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Weapons of mass destruction not created equal

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Owen Cote
Owen Cote
Photo / Donna Coveney

Confusion about the phrase "weapons of mass destruction" was the topic of discussion Oct. 30 when experts in security studies analyzed the muddle that develops from lumping nuclear, chemical and biological weapons together under one policy.

Moderator Kosta Tsipis, the former director of MIT's Security Studies Program, laid out the problem for an audience packed into Room 3-270: "From the purely physical viewpoint, it is misleading to place nuclear, biological and chemical weapons in the same rubric." Nuclear weapons generate immediate, inescapable destruction of all organic material for many, many miles, he said, and there is no defense. Chemical and biological weapons, by contrast, kill or sicken on a slower, smaller level.

"Wear a surgical mask and you are immune from the effects of all but the most sophisticated biological weapons," said Owen Cote, associate director of the Security Studies Program (SSP). Against chemical weapons, "don a mask and go to the basement."

The speakers at "Weapons of Mass Confusion: Assessing the Real Risks," the Herbert Hollomon Memorial Symposium sponsored by the Technology and Culture Forum, placed the dangers of the three types of weapons in a context that made clear the importance of different political and military approaches for each.

Cote advocates grouping weapons of mass destruction into two classes, nuclear and biological/chemical, based on the means of production. Biological and chemical production facilities tend to be small and obscure, and the weapons are produced in small quantities. Nuclear weapons production is just the opposite, requiring long periods of time and production facilities so large "you can see them from space," he said.

North Korea broke ground on a reactor in the late 1980s, is thought to have produced plutonium in the early '90s and agreed to end the activities in 1994. "The point is, we saw this coming for a long time," said Cote.

"You can aspire to prevent nuclear weapons by limiting the spread of technology. With biological weapons, you can't prevent the spread. You have to assume they're going to be able to get biological and chemical weapons in some form," he said.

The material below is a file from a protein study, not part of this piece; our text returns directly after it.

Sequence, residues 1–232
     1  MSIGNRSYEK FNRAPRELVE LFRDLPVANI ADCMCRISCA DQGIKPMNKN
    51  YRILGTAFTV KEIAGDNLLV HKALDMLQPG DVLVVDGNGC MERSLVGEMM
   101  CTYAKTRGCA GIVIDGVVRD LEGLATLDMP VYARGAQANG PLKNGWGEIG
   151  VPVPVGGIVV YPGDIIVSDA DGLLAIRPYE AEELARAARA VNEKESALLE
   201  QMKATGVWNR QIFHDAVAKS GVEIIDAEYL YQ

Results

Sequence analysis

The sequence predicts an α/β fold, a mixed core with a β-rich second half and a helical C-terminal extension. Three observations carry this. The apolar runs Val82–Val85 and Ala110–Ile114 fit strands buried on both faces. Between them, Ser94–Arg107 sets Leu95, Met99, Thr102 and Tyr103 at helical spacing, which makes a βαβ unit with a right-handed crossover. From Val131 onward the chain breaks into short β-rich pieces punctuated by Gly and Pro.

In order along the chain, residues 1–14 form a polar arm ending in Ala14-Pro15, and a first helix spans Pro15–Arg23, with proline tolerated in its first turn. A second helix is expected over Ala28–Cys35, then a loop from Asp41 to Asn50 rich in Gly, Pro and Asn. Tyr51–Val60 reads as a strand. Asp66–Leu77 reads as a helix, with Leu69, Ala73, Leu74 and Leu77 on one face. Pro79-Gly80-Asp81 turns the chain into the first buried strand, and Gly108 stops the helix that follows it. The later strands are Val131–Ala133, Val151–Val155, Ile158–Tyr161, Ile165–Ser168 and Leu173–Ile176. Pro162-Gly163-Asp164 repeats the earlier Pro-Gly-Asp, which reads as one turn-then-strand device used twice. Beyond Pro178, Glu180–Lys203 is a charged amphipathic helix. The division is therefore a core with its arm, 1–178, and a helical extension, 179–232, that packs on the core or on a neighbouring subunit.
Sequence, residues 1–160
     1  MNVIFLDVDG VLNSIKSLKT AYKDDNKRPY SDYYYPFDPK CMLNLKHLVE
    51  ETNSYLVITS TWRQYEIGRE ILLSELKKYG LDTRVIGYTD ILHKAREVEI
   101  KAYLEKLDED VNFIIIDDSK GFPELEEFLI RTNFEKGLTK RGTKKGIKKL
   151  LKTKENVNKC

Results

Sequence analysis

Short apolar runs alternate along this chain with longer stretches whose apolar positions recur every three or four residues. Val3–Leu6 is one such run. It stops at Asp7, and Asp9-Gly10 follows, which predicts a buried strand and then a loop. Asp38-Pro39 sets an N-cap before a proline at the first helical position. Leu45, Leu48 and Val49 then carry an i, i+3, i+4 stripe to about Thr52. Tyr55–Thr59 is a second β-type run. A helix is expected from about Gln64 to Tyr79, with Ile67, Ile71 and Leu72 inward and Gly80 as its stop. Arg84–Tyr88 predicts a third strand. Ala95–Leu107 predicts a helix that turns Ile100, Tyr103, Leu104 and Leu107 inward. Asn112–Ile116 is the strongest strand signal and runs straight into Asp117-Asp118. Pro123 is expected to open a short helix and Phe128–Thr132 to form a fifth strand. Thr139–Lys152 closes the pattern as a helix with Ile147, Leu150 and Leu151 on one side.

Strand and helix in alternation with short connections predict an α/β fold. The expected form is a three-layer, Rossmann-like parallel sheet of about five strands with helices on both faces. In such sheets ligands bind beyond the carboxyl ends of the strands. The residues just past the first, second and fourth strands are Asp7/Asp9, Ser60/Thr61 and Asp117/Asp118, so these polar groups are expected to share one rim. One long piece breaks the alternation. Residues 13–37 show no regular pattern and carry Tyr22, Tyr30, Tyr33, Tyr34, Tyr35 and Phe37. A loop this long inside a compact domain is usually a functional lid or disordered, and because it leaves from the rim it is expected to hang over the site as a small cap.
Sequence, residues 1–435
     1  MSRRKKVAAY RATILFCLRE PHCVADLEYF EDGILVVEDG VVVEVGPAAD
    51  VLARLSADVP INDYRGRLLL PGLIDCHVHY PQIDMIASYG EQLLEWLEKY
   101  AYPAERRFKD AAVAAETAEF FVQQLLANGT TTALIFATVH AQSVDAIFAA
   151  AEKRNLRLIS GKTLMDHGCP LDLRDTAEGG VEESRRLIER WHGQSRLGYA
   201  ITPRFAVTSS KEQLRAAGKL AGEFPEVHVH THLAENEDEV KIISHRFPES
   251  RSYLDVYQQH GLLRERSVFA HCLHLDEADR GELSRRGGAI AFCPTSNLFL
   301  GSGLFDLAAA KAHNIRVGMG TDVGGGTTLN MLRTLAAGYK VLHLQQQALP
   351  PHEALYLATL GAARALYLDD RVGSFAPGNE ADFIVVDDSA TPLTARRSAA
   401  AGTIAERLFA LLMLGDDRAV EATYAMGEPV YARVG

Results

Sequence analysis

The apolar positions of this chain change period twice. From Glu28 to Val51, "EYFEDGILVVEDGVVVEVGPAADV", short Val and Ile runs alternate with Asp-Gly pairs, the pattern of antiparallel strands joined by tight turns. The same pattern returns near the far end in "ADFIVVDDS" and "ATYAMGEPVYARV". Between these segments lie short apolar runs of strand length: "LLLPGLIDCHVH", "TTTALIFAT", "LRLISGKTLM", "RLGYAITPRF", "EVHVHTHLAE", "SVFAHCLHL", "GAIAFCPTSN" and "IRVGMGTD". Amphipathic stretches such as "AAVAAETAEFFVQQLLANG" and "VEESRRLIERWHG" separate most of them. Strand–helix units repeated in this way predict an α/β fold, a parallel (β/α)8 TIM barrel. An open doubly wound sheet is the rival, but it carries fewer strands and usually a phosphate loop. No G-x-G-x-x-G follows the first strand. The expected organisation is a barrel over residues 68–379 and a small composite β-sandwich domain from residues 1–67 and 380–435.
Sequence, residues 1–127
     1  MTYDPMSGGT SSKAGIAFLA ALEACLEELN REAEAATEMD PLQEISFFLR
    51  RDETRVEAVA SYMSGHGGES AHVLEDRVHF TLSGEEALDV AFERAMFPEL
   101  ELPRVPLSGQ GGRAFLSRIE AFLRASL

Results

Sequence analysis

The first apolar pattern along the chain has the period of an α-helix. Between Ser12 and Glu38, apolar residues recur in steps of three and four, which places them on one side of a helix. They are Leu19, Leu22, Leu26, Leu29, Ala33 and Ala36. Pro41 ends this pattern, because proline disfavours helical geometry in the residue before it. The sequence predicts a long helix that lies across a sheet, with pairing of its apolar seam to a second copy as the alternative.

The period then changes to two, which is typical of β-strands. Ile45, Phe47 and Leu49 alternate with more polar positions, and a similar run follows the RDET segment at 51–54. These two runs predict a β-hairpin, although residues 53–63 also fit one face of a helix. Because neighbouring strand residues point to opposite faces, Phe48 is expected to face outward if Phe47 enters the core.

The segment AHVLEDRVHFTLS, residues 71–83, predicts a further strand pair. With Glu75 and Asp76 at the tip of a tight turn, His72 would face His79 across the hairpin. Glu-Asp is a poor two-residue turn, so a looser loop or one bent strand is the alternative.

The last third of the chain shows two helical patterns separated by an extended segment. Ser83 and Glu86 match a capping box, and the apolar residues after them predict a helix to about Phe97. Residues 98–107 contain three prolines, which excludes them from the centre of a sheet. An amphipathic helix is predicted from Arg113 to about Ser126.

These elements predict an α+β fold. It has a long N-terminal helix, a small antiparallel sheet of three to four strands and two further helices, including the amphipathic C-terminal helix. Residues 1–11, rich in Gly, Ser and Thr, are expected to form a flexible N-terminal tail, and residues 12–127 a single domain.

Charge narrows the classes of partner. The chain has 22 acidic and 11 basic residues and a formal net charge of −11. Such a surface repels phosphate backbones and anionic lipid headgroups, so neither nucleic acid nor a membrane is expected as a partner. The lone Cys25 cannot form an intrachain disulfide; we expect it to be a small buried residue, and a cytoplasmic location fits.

Jeanne Guillemin of Boston College, a senior fellow in the SSP, approached the problem from the historical perspective of international agreements--the Geneva Protocol, which banned the use of biological and chemical weapons in 1925, the Biological Weapons Convention of 1972 and the Chemical Weapons Convention of 1993.

"Nuclear weapons are legal. Biological weapons have been illegal since 1925. That to me makes a difference. There is a taboo that surrounds the development, storage and use of them," said Guillemin. The Geneva Protocol banned the use of biological weapons "in part because the military and public detested them as dishonorable weapons." On the other hand, "nuclear weapons are controlled by treaties, but they are not illegal," she said.

Guillemin called the U.S. government's current approach to civil defense "isolationist" and compared it to the backyard nuclear shelters of the 1950s, which were built "at a time when there were no real international relations between the U.S. and Soviet Union." Now, the Department of Homeland Security is "saying that every single community has to prepare [for an attack by biological weapons]. I think it's a tremendous distraction from other more important things," she said, saying that the consequences of biological weapons are overestimated.

"Disease is opportunistic. Its effects don't fall evenly in the population. The ordinary rules for controlling it actually work pretty well," she said, recalling that the rule of thumb for dealing with SARS--"stay home"--was effective.

Steven Miller of Harvard's International Security Program said the trend of the past 25 years has been away from deterrence and arms control and toward defense and offense. The present administration is aggressive because President Bush and his advisors believe "we face a gaggle of rogue states that you can't threaten in a retaliatory way to stay their hand."

Miller dubbed the Bush administration's policy "regimicide--when you can't be sure you can wipe out the bad guy's weapons, you wipe out the bad guy."

In a brief commentary, Institute Professor Emeritus Philip Morrison said that "unregulated states of sovereignty and the incredible growth of technology cannot long last together." He urged a return to programs of the "older kind"--deterrence and arms control.

"We don't know what really might happen if the lines of war are crossed. Crossing these lines is not something we want to do," Morrison admonished.

Hollomon (S.B. 1940, Sc.D.) was Assistant Secretary of Commerce for Science and Technology from 1962-68, president of the University of Oklahoma, founder and director of MIT's Center for Policy Alternatives and co-founder of the graduate program in management of technology.

A version of this article appeared in MIT Tech Talk on November 5, 2003.

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